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An SDK like wrapper around the openstackclient.

Project description

ospclientsdk

An SDK like wrapper around the openstackclient to reduce the need to write boilerplate subprocess code.

Installation

Ospclientsdk can be easily installed with a one line command. It is recommended (as best practice) to create a virtual environment and install ospclientsdk. Please see the commands below to install. Note this is only supported in python 3.6 and higher.

# install python virtualenv
$ pip install python-virtualenv

# create virtualenv
$ virtualenv ospclientsdk

# activate virtualenv
$ source ospclientsdk/bin/activate

# install blaster
$ (ospclientsdk) pip install ospclientsdk

Usage

Let's dive into how to use this sdk.

Initialize

When working with the sdk the main interface you will be interacting with is the ClientShell class. This interface can be initialized with with or without credentials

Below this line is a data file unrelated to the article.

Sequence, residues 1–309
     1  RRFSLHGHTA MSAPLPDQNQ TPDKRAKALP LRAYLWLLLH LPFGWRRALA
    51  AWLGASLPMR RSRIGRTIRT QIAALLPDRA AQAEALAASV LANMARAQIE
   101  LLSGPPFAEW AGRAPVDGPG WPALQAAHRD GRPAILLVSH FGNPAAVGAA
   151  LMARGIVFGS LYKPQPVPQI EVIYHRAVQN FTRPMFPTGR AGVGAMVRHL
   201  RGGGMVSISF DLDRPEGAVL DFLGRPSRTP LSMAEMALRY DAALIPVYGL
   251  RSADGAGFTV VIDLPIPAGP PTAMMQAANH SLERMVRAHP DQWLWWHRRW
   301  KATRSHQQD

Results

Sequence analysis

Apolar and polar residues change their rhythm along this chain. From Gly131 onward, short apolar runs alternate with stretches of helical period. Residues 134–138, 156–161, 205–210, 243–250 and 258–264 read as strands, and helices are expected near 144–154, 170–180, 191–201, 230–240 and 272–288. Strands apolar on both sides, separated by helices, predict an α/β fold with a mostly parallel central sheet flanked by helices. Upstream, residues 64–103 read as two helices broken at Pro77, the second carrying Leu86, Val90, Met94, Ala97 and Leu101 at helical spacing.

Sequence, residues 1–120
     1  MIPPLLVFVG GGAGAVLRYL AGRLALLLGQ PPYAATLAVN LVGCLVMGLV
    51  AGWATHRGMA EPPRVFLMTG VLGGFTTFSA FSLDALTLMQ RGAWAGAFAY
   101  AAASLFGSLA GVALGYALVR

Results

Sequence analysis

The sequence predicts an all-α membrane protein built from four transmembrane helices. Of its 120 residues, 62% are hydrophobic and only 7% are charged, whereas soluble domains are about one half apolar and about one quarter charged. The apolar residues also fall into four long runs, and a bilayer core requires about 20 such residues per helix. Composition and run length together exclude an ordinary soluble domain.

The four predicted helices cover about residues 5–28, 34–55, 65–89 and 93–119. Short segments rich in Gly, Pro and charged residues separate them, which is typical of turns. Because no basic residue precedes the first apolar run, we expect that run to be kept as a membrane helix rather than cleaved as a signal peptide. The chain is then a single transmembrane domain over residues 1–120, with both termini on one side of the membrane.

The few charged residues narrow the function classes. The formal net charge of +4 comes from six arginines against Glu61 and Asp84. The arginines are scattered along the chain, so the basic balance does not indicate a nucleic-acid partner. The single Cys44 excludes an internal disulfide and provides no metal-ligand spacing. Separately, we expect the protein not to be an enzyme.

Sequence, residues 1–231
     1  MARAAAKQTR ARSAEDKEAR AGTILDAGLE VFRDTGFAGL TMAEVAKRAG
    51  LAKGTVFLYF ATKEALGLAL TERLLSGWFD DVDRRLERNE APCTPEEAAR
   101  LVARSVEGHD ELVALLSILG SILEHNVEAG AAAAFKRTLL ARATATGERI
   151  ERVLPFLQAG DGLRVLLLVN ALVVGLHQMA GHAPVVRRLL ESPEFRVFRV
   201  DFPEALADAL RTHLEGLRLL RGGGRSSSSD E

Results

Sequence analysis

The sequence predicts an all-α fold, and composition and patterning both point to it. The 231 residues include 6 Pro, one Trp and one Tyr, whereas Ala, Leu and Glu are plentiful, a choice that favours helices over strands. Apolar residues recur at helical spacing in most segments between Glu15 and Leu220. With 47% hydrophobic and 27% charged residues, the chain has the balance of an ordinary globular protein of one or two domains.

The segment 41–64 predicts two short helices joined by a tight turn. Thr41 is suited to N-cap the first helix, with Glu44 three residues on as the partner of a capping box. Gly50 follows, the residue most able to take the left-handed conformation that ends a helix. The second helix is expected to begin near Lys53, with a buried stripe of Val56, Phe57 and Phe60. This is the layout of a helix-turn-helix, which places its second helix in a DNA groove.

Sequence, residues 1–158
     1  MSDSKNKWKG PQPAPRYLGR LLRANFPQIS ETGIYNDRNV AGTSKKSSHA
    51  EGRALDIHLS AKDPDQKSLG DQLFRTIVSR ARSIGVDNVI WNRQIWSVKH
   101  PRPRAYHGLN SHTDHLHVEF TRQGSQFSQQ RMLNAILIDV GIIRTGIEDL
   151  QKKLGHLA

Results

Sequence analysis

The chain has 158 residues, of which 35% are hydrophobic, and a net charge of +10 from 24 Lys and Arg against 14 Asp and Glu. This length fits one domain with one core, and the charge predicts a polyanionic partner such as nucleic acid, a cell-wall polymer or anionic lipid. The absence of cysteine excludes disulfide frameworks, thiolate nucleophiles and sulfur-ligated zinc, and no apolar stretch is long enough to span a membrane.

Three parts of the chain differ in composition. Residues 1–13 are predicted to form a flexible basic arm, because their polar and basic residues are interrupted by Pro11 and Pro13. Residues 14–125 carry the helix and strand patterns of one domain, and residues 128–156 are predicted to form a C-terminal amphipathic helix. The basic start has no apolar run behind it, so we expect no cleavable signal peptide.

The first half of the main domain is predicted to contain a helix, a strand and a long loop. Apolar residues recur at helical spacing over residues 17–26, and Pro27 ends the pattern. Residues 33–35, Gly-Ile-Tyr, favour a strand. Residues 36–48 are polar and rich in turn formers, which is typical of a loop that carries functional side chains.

from ospclientsdk import ClientShell
import yaml


"""
You can provide a string path to a clouds.yaml file. If a cloud isn't specified
the shell will default to using one called 'openstack'
"""
shell = ClientShell(cloud_file='clouds.yaml', cloud='test')


"""
You can also preload the clouds.yaml file or build the dictionary by hand 
and provide it that way.
"""
creds = {}
with open('clouds.yaml') as f:
    creds = yaml.safe_load(f)
shell = ClientShell(cloud_dict=creds, cloud='test')


"""
You can also load the shell with credentials after it has been initialized
"""
shell = ClientShell()
shell.load_cloud_config(cloud_dict=creds, cloud='test')

Once the shell has been intialized you can see what command groups and commands are available in a couple of ways.

Note when the commands are loaded the white spaces are replaced with underscores ('_') to make it easier to parse and find what you're looking for. i.e. server create to server_create